Mock trial is a common practice around the country at universities, providing students will the opportunity to compete against other students in order to gain knowledge of the U.S. legal system. Due to the many potential benefits of such an organization, Oklahoma Christian University students are currently working together to create a mock trial program on campus.
Creators of the mock trial team for Oklahoma Christian—Turner Smith, Mariah Coulter, Jenna Lippe and faculty sponsor Brian Simmons—have been developing the program to give students the opportunity of learning experiences.
“Essentially, the best way to think about it is students participating in a simulation of what our legal system is like in the real world,” Smith said.
According to Smith, the students wanted to create something that would benefit not only them but also future students and they believe adding this program will provide the challenge to Oklahoma Christian students to compete with students from other universities.
“I wanted to be able to find a way to provide that for myself and all students who are going to come after me, so we can really bolster our pre-law program and give the students one more thing to attract them to OC and build their skills while they’re here,” Smith said.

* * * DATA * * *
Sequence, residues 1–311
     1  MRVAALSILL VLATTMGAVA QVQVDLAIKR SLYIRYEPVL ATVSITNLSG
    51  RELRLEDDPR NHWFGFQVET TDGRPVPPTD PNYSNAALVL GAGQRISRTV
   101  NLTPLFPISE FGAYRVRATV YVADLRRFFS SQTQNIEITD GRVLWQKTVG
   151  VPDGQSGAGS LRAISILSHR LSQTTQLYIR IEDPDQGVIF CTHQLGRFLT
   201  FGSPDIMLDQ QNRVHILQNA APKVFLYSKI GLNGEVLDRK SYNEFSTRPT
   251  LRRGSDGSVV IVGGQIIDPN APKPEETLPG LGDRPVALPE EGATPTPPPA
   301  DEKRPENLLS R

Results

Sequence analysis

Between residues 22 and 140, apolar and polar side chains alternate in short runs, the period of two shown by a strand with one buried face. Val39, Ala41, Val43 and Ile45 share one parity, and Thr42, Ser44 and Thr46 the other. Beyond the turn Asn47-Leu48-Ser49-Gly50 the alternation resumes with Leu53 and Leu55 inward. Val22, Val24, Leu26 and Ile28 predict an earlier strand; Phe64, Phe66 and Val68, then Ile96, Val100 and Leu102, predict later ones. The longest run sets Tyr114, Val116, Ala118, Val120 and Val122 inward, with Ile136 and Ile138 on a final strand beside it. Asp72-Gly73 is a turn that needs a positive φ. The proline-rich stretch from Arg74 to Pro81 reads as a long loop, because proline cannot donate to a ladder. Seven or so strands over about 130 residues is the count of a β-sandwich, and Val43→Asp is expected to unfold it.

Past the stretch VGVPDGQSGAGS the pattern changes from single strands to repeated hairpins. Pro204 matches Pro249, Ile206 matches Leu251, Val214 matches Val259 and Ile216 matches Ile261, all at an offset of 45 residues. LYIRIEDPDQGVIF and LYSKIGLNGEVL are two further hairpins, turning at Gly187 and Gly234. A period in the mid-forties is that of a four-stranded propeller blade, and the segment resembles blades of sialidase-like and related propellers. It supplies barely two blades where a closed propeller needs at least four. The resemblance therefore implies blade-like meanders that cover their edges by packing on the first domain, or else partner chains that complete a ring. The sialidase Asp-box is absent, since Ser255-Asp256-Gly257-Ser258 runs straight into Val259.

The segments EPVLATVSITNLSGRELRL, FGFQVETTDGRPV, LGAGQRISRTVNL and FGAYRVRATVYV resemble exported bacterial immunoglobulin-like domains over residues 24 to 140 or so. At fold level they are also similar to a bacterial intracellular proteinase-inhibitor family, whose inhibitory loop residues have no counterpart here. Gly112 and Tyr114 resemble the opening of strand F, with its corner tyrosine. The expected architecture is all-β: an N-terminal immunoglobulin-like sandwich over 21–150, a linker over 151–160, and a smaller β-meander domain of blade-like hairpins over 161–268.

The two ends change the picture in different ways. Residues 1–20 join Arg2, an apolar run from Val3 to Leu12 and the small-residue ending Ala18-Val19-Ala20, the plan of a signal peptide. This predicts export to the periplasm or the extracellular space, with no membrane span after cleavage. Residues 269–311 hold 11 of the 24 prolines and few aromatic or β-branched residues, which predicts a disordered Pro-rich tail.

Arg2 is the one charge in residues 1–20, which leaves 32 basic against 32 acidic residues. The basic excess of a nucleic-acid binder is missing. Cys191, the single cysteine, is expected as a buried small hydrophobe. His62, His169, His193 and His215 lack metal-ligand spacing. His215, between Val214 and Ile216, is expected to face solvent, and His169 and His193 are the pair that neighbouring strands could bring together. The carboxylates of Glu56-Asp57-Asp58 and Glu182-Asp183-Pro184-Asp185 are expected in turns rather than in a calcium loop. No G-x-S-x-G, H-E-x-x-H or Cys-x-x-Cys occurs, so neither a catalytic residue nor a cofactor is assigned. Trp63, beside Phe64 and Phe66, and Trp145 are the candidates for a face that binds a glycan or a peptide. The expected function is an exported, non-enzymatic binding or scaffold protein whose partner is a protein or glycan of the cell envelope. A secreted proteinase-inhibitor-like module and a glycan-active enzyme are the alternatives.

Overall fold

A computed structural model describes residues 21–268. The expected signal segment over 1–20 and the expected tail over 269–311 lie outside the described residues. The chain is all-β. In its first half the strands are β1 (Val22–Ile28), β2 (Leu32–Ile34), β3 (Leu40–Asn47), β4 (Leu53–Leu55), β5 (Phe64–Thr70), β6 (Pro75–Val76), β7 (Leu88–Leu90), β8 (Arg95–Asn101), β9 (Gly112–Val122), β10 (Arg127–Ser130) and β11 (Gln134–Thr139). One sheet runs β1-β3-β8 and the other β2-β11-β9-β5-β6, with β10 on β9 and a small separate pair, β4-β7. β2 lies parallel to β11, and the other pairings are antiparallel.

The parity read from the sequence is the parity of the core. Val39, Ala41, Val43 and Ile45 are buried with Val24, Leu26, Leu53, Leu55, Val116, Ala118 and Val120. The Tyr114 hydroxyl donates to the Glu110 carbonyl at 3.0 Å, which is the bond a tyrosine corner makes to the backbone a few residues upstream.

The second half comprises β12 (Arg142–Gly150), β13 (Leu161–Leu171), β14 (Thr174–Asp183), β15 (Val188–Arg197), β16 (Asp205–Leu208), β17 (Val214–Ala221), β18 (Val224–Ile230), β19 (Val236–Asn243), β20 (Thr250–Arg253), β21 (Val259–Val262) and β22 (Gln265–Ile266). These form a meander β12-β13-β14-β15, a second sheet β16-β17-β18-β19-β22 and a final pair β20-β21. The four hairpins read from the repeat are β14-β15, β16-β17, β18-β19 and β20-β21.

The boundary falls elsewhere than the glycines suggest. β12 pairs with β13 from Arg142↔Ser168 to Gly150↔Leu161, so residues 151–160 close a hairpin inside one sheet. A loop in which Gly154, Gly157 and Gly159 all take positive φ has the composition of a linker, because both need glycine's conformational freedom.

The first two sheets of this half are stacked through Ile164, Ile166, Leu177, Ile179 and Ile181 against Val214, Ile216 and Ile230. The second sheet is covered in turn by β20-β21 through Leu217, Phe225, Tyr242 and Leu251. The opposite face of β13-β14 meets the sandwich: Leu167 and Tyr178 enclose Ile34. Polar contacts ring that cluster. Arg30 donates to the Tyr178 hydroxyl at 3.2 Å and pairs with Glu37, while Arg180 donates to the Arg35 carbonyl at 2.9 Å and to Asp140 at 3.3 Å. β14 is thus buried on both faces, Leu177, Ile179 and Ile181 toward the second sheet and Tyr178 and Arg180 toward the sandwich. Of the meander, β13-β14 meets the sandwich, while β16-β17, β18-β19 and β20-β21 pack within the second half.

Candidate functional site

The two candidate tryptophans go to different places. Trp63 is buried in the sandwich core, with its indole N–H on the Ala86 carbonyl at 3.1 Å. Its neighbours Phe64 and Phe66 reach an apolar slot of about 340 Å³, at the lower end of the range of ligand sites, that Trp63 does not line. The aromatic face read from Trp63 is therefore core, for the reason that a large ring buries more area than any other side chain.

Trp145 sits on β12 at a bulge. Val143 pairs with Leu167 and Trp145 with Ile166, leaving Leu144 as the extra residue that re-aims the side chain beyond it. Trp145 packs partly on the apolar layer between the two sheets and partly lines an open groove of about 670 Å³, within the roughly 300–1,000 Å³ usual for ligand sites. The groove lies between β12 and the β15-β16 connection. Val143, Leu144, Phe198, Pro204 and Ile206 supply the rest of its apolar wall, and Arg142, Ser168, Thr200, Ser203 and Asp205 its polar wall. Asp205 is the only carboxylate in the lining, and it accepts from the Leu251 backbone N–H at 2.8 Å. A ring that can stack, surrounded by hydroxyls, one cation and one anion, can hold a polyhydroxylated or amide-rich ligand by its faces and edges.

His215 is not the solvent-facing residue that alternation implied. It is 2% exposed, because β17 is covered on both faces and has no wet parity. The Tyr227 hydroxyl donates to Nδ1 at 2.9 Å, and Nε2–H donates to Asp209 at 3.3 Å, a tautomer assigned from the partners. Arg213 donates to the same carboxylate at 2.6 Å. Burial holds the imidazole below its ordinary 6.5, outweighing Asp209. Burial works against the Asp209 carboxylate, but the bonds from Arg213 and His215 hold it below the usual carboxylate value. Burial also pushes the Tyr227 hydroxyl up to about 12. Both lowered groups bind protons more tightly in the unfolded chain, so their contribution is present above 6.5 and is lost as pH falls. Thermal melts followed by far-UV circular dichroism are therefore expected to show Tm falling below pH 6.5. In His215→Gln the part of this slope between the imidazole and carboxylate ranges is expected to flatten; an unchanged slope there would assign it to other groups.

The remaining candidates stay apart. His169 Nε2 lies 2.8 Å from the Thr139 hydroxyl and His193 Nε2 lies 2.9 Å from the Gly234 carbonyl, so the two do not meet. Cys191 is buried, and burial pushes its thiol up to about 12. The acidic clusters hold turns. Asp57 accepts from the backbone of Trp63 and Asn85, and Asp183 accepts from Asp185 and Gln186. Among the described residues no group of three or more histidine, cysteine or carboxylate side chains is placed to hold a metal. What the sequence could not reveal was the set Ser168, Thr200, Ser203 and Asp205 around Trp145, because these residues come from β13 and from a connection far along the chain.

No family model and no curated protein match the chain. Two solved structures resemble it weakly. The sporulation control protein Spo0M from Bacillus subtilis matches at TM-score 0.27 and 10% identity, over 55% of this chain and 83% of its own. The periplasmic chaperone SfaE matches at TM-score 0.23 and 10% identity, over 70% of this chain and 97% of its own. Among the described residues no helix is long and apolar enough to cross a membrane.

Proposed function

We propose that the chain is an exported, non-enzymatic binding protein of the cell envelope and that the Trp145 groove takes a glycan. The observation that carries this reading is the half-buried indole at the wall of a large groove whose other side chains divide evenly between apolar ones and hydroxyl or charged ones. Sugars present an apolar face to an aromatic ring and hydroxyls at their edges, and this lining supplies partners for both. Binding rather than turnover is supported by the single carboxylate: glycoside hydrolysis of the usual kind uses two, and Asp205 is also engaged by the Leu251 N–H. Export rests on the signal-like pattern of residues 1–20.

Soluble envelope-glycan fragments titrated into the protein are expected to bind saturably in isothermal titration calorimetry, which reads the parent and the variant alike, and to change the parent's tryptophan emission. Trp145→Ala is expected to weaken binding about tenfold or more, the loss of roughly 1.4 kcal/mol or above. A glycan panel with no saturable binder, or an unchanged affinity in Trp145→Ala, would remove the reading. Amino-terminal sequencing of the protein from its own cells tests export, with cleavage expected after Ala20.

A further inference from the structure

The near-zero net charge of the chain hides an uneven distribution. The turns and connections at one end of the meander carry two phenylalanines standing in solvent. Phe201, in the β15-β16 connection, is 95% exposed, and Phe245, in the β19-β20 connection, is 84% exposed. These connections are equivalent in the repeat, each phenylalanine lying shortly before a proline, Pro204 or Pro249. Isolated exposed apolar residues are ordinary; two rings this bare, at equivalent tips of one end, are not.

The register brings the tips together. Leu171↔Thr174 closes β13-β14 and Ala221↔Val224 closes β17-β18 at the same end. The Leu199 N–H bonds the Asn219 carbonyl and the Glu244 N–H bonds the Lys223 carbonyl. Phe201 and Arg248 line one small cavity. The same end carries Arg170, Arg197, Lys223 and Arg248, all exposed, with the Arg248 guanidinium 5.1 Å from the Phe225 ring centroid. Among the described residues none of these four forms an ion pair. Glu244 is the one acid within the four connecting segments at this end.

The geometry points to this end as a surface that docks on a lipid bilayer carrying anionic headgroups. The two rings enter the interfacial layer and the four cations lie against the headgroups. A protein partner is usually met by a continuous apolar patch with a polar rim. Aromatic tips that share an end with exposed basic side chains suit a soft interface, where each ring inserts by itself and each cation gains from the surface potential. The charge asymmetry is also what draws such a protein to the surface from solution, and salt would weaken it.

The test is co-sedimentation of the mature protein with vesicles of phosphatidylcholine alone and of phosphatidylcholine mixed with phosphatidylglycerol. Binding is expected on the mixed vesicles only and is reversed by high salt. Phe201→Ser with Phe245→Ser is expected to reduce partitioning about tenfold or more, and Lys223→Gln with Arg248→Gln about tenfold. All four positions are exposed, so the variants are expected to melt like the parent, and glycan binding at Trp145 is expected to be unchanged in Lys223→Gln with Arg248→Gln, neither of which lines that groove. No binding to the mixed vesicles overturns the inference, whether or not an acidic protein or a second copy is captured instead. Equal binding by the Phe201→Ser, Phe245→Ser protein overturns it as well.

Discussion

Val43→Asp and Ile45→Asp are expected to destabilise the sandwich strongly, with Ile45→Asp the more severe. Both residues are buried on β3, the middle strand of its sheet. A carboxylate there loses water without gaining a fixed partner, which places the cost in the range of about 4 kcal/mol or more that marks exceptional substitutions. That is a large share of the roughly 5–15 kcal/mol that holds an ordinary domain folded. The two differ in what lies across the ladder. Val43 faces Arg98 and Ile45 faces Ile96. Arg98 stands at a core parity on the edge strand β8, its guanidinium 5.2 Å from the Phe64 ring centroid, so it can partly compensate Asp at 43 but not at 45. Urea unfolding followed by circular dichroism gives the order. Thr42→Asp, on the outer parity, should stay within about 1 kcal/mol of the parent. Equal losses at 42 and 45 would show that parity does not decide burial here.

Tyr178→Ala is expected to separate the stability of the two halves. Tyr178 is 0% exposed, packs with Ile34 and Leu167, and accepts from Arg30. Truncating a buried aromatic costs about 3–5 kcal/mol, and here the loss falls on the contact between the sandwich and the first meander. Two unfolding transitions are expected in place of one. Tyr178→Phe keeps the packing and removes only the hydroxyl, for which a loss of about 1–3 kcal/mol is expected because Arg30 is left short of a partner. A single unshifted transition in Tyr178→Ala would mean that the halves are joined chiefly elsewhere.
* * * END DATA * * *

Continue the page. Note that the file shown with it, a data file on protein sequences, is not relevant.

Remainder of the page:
Simmons will help find an expert volunteer whose profession is law. The expert will contribute by helping provide skills and information from an experienced point of view with the legal system.
“There will be a volunteer who will actually be a lawyer or retired lawyer that is an Oklahoma Christian alum or someone who is connected to the university,” Simmons said. “That individual will provide the legal expertise to prepare the students because there are some legal things that they know from years of experience, that I might not know a lot about.”
The mock trial program on campus is still in the early stages of creation. The organizers said they hope to have the program up and practicing by next fall, so there is still time for potential members to gather more information and join the team.
“We are going to put up flyers around campus with how you can contact us,” Lippe said. “There was an announcement in an email sent out by SGA with a survey to see who is interested in joining and getting involved, and lastly, we will be having a meeting—date to be determined—with everyone who is interested in joining.”
The program is open to anyone interested in joining and is not restricted to just pre-law majors. However, if a large group of students decides to join, there will be an interview process.
“There is a lot in mock trial that is not just for legal students—there is a huge element of theater and acting,” Smith said. “We have witness roles that need to be convincing, and we need people to get into character for that.”
Smith said the mock trial will add a unique experience and provide important opportunities to Oklahoma Christian’s extra-curricular activities on campus.
“I have been teaching college for almost 30 years,” Simmons said. “My experience is that the students that are the most successful in their college experience are the ones that get involved in activities outside the classroom.”
Those who are interested in finding out more information about the mock trial program should email questions to email@example.com.
“This is open to everyone interested, especially going to law school, yes, but also people who would like speaking practice, acting or are just interested in the legal system because I’m an engineering major and I’m helping start it,” Lippe said.